18 PART 1: THE ITIL SERVICE LIFECYCLE
20 2 Introduction to the service lifecycle 2.1 Introduction to ITIL In 2007 a new edition of the ITIL framework, known as version 3, was published. This new version took a dramatic new approach for service management. In addition to the process approach, ITIL V3 incorporated the concept of the service lifecycle. Then in 2011 a revision of the 2007 edition was published. ITIL 2011 is an update and is also designed to: Resolve any errors or inconsistencies in the text and diagrams, both in content and presentation Improve the publications by addressing issues raised in the Change Control Log, as analysed and recommended by the change advisory board (CAB) and approved by the Cabinet Office. These are largely to do with clarity, consistency, correctness and completeness Address suggestions for change made by the training community to make ITIL easier to teach Review the ITIL Service Strategy publication to ensure that the concepts are explained in the clearest, most concise and accessible way possible ITIL offers a systematic approach to the delivery of quality of IT services. It provides a detailed description of most of the important processes for an IT organisation, and includes information about procedures, tasks, roles, and responsibilities. These can be used as a basis for tailoring the framework to the needs of individual organisations. At the same time, the broad coverage of ITIL also provides a helpful reference guide for many areas, which can be used to develop new improvement goals for an IT organisation, enabling it to grow and mature. Over the years, ITIL has become much more than a series of useful books about IT service management. The framework for the best practice in IT service management is promoted and further developed and influenced by advisors, educators, trainers, and suppliers. These suppliers include a wide variety of technological solutions such as hardware, software, and cloud computing products. Since the 1990s, ITIL has grown from a theoretical framework to the de facto approach and philosophy shared by the people who work with it in practice. Being an extended framework of best practices for IT service management itself, the advantages and disadvantages of frameworks in general, described in Section 2.4, are also applicable to ITIL. Of course, ITIL was developed because of the advantages
21 10 Foundations of ITIL mentioned earlier. Many of the pointers from best practices are intended to avoid potential problems or, if they do occur after all, to solve them. ITIL examinations Due to the new 2011 edition of ITIL, the syllabuses for all qualifications have been updated. The most significant changes relate to new/modified section numbers as well as improved wording and/or clarification for some learning objectives and section details. At the publication date of this book, well over two million people worldwide have achieved one or more levels of ITIL certification. There are four qualification levels in regards to the ITIL framework. They are: Foundation Level Intermediate Level (Lifecycle Stream & Capability Stream) ITIL Expert ITIL Master For more information about the ITIL Qualification Scheme, please see: 2.2 IT governance As the role of information, information services, and ITSM grows, so do the management requirements for the IT organisation. These requirements focus on two aspects. The first is the compliance with internal and external policies, laws, and regulations. The second is the provision of benefits (value-add proposition) for the stakeholders of the organisation. Although it is a relatively young discipline, IT governance is receiving far greater scrutiny than already established standards and frameworks. A definition for IT governance receiving a lot of support is from Van Grembergen: IT governance consists of a comprehensive framework of structures, processes, and relational mechanisms. Structures involve the existence of responsible functions such as IT executives and accounts, and a diversity of IT Committees. Processes refer to strategic IT decision-making and monitoring. Relational mechanisms include business/it participation and partnerships, strategic dialogue and shared learning.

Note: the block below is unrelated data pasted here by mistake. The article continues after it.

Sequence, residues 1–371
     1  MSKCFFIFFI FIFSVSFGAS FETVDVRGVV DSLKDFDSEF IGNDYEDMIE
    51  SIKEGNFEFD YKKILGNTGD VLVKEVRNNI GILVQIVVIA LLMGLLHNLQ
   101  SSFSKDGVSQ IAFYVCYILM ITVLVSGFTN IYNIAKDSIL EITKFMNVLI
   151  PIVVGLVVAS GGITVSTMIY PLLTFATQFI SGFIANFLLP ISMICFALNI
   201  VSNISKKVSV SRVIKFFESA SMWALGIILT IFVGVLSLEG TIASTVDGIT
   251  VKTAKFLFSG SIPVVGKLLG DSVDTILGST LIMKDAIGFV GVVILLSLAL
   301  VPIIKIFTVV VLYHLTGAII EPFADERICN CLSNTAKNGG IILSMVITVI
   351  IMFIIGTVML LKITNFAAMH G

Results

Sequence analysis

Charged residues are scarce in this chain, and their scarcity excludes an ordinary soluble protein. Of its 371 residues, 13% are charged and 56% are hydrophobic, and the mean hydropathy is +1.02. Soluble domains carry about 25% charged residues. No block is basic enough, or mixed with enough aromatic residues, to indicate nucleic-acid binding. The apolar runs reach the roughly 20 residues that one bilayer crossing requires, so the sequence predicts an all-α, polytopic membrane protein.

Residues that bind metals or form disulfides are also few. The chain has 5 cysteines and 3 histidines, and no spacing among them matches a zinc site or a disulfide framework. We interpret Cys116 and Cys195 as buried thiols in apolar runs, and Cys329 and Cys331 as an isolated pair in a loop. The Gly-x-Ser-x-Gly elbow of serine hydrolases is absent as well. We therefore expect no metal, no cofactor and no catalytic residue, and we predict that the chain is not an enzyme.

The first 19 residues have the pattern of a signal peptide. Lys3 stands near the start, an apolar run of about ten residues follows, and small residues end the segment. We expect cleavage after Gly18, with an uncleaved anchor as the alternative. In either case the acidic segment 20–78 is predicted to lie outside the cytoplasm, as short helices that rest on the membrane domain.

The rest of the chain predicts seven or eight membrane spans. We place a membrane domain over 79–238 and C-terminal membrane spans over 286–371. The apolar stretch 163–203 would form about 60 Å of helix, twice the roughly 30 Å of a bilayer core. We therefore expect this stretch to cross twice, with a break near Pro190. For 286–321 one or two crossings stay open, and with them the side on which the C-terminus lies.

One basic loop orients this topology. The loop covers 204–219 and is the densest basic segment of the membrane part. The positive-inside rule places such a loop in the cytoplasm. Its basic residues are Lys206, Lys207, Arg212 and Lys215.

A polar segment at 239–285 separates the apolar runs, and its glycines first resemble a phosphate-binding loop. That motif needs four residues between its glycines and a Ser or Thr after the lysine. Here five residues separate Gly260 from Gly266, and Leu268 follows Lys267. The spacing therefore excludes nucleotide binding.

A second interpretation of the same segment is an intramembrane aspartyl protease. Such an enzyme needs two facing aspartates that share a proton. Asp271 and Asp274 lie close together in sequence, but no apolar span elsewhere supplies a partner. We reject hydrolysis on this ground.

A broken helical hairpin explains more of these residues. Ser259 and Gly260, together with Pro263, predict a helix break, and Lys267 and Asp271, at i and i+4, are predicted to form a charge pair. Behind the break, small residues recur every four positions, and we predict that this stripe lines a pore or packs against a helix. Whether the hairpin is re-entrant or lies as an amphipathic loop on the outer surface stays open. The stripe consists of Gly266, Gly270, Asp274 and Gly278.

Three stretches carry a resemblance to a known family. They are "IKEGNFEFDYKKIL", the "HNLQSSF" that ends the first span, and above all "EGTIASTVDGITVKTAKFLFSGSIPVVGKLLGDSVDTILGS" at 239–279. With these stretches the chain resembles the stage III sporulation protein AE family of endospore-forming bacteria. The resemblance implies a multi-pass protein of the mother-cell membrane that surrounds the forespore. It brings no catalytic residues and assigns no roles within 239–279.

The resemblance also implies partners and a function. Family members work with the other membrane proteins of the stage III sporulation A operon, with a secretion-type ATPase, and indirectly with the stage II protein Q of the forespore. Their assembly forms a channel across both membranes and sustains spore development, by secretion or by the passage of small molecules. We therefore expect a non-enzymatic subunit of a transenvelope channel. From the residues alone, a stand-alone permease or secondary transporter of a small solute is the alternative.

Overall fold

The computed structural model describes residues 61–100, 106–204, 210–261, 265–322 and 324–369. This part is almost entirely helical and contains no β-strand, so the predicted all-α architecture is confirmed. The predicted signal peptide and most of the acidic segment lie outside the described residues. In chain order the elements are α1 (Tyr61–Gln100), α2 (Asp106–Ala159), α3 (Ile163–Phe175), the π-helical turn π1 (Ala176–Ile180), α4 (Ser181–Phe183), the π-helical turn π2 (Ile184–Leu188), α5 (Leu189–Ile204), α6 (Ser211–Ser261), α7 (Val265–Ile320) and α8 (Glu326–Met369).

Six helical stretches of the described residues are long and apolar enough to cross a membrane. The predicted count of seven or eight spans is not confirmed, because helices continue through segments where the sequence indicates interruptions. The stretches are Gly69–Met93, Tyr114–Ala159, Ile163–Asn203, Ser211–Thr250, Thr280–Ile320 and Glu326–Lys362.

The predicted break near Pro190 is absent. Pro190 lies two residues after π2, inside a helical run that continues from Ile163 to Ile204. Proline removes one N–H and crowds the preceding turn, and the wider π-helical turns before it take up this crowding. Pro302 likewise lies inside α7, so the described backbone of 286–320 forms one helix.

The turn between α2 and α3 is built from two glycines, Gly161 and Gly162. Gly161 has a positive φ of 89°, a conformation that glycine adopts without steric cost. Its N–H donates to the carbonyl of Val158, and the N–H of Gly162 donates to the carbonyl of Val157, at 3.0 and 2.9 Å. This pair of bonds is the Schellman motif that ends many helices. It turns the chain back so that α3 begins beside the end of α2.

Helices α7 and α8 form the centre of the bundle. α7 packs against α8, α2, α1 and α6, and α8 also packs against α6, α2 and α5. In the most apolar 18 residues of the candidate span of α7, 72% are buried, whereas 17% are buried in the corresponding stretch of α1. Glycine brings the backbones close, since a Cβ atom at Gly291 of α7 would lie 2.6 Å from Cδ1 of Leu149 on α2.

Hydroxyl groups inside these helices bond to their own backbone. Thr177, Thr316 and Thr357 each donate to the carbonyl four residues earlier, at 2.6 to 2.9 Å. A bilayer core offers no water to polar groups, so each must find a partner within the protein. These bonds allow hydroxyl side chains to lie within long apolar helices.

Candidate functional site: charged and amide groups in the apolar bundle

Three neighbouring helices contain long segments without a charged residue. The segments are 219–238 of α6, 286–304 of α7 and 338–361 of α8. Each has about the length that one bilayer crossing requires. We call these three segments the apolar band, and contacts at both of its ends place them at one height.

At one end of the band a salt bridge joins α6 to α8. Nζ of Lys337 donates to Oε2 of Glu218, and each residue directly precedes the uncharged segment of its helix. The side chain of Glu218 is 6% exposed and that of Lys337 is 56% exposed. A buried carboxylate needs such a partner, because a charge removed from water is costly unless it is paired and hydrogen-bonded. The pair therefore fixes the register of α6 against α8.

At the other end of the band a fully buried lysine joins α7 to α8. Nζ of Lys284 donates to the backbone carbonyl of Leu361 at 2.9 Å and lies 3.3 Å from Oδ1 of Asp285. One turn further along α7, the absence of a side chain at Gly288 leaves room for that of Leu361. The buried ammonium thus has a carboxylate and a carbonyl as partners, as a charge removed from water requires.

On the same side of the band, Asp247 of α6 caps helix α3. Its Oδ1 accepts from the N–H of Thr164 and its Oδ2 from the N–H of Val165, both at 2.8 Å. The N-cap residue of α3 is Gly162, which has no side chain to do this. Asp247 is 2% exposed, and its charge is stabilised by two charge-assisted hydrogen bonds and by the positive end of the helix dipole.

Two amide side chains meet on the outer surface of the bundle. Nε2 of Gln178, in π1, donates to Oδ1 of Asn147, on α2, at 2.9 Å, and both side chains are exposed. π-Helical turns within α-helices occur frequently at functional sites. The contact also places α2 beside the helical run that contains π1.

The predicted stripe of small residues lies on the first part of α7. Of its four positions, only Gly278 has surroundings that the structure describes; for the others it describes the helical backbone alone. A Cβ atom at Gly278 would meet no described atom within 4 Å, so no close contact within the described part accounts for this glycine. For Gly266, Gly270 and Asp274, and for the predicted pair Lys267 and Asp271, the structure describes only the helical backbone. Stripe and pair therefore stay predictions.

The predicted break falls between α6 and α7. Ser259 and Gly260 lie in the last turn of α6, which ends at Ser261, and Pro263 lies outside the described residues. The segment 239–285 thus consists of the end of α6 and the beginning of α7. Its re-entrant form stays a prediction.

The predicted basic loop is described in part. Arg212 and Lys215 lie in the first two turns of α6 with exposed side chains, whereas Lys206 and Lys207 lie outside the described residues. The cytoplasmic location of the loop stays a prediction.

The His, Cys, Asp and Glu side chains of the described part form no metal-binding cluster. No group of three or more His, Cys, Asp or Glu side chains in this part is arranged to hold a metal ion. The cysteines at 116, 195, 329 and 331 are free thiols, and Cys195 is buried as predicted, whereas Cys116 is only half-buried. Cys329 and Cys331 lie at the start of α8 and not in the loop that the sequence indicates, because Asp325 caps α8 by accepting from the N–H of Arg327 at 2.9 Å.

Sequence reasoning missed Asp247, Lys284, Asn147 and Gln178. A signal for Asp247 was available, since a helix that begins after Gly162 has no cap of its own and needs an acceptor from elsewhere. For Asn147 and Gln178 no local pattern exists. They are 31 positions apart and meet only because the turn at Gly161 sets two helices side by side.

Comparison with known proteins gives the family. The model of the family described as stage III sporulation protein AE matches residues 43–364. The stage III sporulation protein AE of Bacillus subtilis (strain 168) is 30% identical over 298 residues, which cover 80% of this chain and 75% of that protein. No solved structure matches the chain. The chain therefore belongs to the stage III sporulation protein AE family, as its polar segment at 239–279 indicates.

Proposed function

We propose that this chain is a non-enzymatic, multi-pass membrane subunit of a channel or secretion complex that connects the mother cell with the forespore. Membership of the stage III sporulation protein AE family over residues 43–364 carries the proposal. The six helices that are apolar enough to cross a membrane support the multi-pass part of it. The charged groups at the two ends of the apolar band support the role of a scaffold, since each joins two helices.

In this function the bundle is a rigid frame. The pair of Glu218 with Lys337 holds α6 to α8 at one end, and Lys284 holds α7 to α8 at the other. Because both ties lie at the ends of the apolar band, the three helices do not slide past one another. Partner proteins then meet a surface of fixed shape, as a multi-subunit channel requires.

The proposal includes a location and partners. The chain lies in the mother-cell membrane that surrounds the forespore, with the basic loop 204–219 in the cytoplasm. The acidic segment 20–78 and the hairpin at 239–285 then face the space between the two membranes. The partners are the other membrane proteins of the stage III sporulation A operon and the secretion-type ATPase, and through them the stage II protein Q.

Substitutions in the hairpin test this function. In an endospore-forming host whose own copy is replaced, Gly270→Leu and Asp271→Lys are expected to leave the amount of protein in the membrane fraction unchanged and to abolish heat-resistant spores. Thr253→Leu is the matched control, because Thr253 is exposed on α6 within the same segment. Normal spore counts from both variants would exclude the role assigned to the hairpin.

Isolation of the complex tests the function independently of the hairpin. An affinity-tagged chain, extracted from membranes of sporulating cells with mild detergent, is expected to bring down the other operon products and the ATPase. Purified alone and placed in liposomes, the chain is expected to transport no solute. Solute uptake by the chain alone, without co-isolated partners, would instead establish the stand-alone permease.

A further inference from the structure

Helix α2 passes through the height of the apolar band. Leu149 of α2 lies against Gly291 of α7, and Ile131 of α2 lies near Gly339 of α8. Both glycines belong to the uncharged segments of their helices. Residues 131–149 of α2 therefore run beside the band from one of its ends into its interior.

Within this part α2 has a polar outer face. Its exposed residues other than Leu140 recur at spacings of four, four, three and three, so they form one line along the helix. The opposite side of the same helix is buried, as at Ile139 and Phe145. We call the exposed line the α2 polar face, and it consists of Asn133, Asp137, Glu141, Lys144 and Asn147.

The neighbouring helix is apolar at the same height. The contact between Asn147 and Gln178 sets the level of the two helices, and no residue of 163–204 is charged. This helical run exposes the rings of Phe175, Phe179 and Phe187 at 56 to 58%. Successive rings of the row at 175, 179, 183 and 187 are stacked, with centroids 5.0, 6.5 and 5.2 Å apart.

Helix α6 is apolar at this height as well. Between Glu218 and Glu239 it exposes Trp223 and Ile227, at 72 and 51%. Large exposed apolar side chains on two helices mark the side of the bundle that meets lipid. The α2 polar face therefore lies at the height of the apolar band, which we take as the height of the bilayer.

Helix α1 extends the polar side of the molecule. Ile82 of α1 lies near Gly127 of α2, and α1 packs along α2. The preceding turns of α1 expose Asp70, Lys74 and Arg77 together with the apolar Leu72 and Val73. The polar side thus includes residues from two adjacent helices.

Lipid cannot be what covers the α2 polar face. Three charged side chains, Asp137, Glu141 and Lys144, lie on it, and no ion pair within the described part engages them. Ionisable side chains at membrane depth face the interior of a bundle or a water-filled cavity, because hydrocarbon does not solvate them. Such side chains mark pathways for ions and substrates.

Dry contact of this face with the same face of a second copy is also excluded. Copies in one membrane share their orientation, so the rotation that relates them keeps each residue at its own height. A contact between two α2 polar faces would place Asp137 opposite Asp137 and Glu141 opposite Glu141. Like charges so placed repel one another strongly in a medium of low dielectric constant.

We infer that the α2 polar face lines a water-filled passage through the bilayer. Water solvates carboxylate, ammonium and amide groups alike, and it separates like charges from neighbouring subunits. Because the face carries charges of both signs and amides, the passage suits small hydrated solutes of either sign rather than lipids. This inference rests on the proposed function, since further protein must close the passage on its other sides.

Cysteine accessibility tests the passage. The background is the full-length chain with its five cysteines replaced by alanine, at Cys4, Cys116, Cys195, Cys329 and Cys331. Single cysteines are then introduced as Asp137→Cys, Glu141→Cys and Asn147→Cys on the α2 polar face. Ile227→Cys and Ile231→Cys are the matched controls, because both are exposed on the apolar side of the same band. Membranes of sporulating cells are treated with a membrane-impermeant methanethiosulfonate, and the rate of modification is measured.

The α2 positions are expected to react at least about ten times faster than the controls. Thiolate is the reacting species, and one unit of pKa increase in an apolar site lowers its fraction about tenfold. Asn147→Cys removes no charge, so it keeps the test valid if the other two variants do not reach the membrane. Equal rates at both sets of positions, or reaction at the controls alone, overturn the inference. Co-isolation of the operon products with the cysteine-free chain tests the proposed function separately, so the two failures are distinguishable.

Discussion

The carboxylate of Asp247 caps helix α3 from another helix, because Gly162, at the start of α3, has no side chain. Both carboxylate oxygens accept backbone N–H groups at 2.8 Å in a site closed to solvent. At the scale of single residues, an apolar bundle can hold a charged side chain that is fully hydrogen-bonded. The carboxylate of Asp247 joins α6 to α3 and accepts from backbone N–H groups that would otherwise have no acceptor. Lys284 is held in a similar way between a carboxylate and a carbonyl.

22 Introduction to the service lifecycle 11 From the definition above we can see that governance enables the creation of a setting in which others can manage their tasks effectively 1. IT governance and IT management, then, are two separate entities. Since ITSM is focused on managing quality IT services it can be considered to be part of the IT management domain. That leaves IT governance in the business or information management domain. Although many frameworks are characterised as IT Governance frameworks, such as COBIT and even ITIL, most of them are in fact management frameworks. The International Organisation for Standardisation (ISO ) introduced in 2008 a standard for corporate governance of information technology; ISO/IEC38500:2008. The ITIL framework approaches governance from the following perspective. Governance is the single overarching area tying IT and the business together. Governance defines the common directions, policies, and rules used by the whole organisation to conduct business. ITIL s definition of governance Governance ensures that policies and strategy are actually implemented and that required processes are correctly followed. Governance includes defining roles and responsibilities, measuring and reporting, and taking actions to resolve any issues identified. 2.3 Organisational maturity From the moment Richard Nolan introduced his staged model for the application of IT in organisations in 1973 many people have used stepwise improvement models. These models were quickly recognised as suitable instruments for quality improvement programs, thereby helping organisations to climb up the maturity ladder. Dozens of variations on the theme can easily be found, ranging from trades such as software development, acquisition, systems engineering, software testing, website development, data warehousing and security engineering, to help desks and knowledge management. Obviously the Kaizen principle (improvement works best in smaller steps) was one that appealed to many people. After Nolan s staged model in 1973, the most appealing application of this modelling was found when the Software Engineering Institute (SEI) of Carnegie Mellon University, USA, published its Software Capability Maturity Model (SW-CMM ). The CMM was copied and applied in most of the cases mentioned above, making CMM something of a standard in maturity modelling. The CMM was later followed by newer editions, including CMMI (CMM Integration). 1 Sohal & Fitzpatrick